The two South African experts explained that enormous efforts have been made to improve general epidemiological intelligence regarding to their national epidemic. And they reckoned that about about 18,000 (or between 15,000 and 20,000) incident reported MDR cases is "close to the truth" for the country. Furthermore they didn't think that many MDR-TB cases who were attending for treatment were being missed (largely because of the roll-out of GeneXpert diagnostic device). And as a result we agree that the case detection rate for MDR in this country can be quite reasonably assumed to be similar to that for all-TB (i.e. 68% which is far higher than the 26% which is the optimistic global average).
So we tried running this same estimate using the principles described in Method I as described in the previous blog, using the notified number of cases and then inflating it by using a case detection rate that (in this case) we’re pretty confident with. Our calculation runs as follows: 18,734 divided by 68 multiplied by 100. This gave us 27,750 which is certainly a lot more than the WHO's estimate of just 6,200 - in fact it's four-and-a-half times more.
What initially alerted us to all of this were these curious percentages of new and re-treatment MDR cases that have year-on-year been being entered for South Africa in the WHO Reports. The two percentages have for the past years always been 1.8% of all cases for new TB cases and 6.7% of retreatment ones (which you can also see in that graphic above in the upper ringed text). We noted that these percentages are a lot less than the most recent global percentages which were 3.3% and 20% respectively and that this would suggest, therefore, that the rate of new MDR cases occurring in South Africa is around half the global average, and the rate of retreatment cases a third of it. Yet South Africa is not only recognised as a high burden MDR-TB country by the WHO itself, it’s also widely recognised to have an MDR-TB problem that is out of control. As such these consistently reported percentages just don’t add upfor us at all.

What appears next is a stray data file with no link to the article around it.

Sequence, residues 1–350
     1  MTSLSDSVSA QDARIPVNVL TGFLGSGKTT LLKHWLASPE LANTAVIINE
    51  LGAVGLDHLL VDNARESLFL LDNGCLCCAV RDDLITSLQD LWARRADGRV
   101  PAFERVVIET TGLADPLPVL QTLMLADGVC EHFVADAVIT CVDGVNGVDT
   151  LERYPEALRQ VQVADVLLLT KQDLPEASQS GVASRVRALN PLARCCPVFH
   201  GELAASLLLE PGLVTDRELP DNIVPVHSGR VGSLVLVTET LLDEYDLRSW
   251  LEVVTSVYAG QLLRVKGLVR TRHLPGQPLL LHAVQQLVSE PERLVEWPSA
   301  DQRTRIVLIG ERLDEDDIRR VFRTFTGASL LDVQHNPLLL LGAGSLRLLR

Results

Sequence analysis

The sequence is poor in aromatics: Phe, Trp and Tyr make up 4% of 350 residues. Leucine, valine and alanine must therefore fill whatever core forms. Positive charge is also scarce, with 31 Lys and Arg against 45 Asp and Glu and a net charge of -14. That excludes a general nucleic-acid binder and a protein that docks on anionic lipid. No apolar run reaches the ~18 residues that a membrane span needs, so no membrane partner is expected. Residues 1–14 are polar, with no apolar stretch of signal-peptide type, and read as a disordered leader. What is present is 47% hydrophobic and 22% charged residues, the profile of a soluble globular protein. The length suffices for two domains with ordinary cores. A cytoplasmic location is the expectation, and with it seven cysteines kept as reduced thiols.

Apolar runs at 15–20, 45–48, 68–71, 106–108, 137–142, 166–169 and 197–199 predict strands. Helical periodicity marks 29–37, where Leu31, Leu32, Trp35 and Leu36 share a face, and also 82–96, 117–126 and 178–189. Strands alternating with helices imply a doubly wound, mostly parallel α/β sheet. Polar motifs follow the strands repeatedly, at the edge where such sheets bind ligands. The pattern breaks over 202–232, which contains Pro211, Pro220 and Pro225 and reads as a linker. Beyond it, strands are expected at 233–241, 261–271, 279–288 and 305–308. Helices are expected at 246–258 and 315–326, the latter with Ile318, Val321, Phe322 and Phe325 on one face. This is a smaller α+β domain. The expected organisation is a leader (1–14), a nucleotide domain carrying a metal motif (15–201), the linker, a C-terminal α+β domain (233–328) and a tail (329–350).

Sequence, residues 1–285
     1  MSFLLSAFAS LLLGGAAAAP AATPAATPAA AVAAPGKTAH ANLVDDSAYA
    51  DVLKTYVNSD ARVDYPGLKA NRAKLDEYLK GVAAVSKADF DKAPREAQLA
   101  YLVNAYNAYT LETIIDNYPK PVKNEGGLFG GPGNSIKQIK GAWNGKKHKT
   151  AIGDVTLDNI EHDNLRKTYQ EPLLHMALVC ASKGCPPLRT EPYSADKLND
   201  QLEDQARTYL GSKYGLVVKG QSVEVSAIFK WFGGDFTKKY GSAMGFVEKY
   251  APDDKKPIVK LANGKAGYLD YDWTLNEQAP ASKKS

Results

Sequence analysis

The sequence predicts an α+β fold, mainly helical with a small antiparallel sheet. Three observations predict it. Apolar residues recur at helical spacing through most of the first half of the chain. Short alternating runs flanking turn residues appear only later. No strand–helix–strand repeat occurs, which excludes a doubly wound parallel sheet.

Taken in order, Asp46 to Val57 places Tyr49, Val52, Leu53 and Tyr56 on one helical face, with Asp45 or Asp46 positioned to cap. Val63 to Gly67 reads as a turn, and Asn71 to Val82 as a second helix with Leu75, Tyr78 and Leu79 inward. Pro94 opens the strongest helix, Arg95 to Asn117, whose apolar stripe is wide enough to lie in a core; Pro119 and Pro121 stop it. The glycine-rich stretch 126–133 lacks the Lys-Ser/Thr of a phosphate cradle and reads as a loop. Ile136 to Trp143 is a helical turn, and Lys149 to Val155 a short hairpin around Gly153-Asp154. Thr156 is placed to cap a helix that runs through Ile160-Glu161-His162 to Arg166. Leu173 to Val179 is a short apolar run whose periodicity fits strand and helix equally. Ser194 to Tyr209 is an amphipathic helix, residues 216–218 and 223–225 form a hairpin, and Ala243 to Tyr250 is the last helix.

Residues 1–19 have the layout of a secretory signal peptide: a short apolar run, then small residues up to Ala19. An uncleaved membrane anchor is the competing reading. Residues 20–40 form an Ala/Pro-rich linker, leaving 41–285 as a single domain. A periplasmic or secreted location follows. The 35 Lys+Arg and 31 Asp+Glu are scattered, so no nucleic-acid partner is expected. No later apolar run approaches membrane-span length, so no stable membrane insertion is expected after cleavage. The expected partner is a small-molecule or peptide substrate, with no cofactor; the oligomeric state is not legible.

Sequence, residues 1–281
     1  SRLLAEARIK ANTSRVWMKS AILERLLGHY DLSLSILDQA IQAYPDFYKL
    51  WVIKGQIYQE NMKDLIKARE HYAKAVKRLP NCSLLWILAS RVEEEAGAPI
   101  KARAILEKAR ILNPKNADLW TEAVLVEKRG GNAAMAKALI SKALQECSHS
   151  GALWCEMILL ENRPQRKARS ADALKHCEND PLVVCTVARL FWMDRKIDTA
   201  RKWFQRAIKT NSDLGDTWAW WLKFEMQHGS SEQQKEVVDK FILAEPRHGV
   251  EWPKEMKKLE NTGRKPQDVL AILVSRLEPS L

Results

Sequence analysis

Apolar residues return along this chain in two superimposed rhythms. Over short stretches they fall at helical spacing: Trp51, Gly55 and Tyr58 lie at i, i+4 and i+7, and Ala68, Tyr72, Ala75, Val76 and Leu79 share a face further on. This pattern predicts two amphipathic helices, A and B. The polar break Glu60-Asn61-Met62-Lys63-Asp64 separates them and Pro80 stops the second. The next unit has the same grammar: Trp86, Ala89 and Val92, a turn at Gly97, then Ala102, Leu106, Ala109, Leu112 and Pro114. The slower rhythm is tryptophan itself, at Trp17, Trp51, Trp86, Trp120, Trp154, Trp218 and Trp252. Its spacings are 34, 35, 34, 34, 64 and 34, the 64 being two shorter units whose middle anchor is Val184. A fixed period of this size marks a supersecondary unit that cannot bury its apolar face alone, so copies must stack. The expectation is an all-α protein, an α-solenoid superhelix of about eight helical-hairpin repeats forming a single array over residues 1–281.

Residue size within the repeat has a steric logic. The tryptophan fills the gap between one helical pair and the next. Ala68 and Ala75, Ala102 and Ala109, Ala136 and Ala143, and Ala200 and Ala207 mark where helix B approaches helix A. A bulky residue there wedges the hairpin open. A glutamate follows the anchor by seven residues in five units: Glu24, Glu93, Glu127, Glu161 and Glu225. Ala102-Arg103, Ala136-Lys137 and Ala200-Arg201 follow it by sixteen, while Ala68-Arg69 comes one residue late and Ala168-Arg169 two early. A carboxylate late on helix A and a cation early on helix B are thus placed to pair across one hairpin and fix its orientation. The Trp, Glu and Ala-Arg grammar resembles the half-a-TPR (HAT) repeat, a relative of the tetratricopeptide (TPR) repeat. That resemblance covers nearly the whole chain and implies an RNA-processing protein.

With the help of the WHO experts we managed to establish that these percentage estimates actually relate to a survey that was carried out in 2002 so are obviously way out of date. This may well be the explanation, but we still don’t understand why they haven’t been adjusted by a single point in the thirteen years since. Not just this, but we are appalled that they could still be used to calculate the numbers which are then fed into both regional and global estimates of MDR-TB, despite their being fundamentally meaningless to the current state of the pandemic and so misleading. To put it bluntly they render any resulting estimate of the regional and global MDR pandemic illegitimate.